Anywhere Out of the World — Part 2.
Center for Polish Sculpture in Oronsko Poland. 

Curated by Paulina Kuhn and Pétur Magnússon 
Artists: Eva Isleifs, Helgi Þórsson, Ragnar Kjartansson and Örn Alexander Ámundason

In Charles Baudelaire’s poem “Anywhere out of the World”, the lyrical persona strives to connect with his soul which remains stubbornly silent. Only resorting to the ultimate argument, which unfolds in the vision of escape to countries being the ‘analogy of Death’, found at the ‘very end of the Baltic’ or even ‘at the pole’, where ‘we will keep bathing in the dark, delighted by the Northern lights, from time to time sending us their pink beams, like fireworks set off from Hell’. At this point his soul shall ‘erupt and scream’ the titular ‘Anywhere, anywhere out of the world’.

Geographically speaking it is Iceland that might be the country which so troubled the soul. But a century ago it was a synonym of ‘death’. Today Iceland is a destination for tourists and is a country bustling with artistic life. It is also the country of origin for the four participants of the second part of the project. They were asked to prepare works referring to the eponymous poem from 1869, expressing an ennui with life hitherto lived, with life in a big city; and thus, to express a need for change. At the same time, these artworks were to attempt a new interpretation of the site of the Centre of Polish Sculpture, with its vibrant centre for creative work, and its wonderful collection of artworks and rich history, whose legacy can be traced and discerned in the wondrous park and architecture.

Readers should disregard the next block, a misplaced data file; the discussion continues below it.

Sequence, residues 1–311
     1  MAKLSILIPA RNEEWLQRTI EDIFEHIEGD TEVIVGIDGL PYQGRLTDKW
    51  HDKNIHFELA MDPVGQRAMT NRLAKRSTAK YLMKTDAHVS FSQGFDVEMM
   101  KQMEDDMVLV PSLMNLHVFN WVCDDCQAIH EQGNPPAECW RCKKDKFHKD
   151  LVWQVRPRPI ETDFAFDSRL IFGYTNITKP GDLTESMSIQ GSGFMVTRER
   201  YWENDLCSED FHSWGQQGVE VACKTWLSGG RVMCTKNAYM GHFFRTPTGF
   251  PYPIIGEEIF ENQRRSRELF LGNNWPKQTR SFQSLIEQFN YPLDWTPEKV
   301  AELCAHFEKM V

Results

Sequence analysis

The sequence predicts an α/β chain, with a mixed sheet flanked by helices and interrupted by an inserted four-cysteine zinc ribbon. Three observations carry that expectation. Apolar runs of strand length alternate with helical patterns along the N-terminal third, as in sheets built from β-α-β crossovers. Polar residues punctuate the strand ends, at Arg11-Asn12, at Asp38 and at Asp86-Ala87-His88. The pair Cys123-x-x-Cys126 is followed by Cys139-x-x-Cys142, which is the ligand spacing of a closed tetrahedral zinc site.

The four different creative strategies resulted in projects transcending today’s human world, one which has been commercialised and dominated by a determination to exploit everything. They pave new ways and guide us, expanding our awareness through art.

In the surrounding reality, Eva Ísleifs searches for the hidden agenda; she puts a question mark where everything seems rational and obvious. The artist’s imagination was stirred by the beautiful Orońsko Park. But actually, what is this garden emblematic of? Is it not the effect of controlling the environment, a utopian place where everything has to accord with the plan which people have prepared for nature?

On the basis of an old photograph, Helgi Þórsson conjures the world of dreams and fantastical beliefs which Iceland is imbued with, and which in this instance extends to Poland. He shows a world of strange creatures which hide from human eyes. But perhaps it is the case that it is us who do not want to see a world different from our own? This realisation arouses our fascination, but also gives rise to fear. Was it created by our minds or does it really exist? Can we sense its existence through art?

Ragnar Kjartasson has given his project the ambiguous title of God. In this way, he conveys us to a supernatural world, where we immerse ourselves in a presence more powerful than man. Additionally, we find ourselves in a historical chapel which used to serve as a church for the inhabitants of Orońsko village. The longer we listen to the sung words, the more we find ourselves overwhelmed by sadness. We feel the inner divide between beauty and Weltschmerz, the pain of existence.

Together with Örn Alexander Ámundason we return to everyday life. The artist understands it as an artificial social construct in which the wellbeing of individuals is subordinated to the often-absurd market and cultural mechanisms. In his performance, he reveals an alternative world – his own, inner voice.

And as for us… let us listen intently to ourselves and allow the artworks of Icelandic artists to speak to us.

Text by: Paulina Kuhn 

Second nature 

Iron and plexiglass 
Outdoor sculpture _ site specific 
Collection of Centrum for Polish Sculpture Oronsko.